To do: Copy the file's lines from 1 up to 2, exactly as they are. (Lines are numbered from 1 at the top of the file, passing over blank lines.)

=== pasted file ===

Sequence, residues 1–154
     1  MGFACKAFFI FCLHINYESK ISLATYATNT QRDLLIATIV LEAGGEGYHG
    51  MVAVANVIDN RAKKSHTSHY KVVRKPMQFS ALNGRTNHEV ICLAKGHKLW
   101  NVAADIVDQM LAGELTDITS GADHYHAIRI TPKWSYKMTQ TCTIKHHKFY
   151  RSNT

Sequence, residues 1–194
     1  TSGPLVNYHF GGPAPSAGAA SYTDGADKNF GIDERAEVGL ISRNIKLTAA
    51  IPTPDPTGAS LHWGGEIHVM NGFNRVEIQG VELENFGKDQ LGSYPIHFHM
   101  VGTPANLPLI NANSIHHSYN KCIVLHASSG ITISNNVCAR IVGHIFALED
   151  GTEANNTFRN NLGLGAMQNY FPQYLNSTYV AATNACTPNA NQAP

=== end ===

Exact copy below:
Sequence, residues 1–154
     1  MGFACKAFFI FCLHINYESK ISLATYATNT QRDLLIATIV LEAGGEGYHG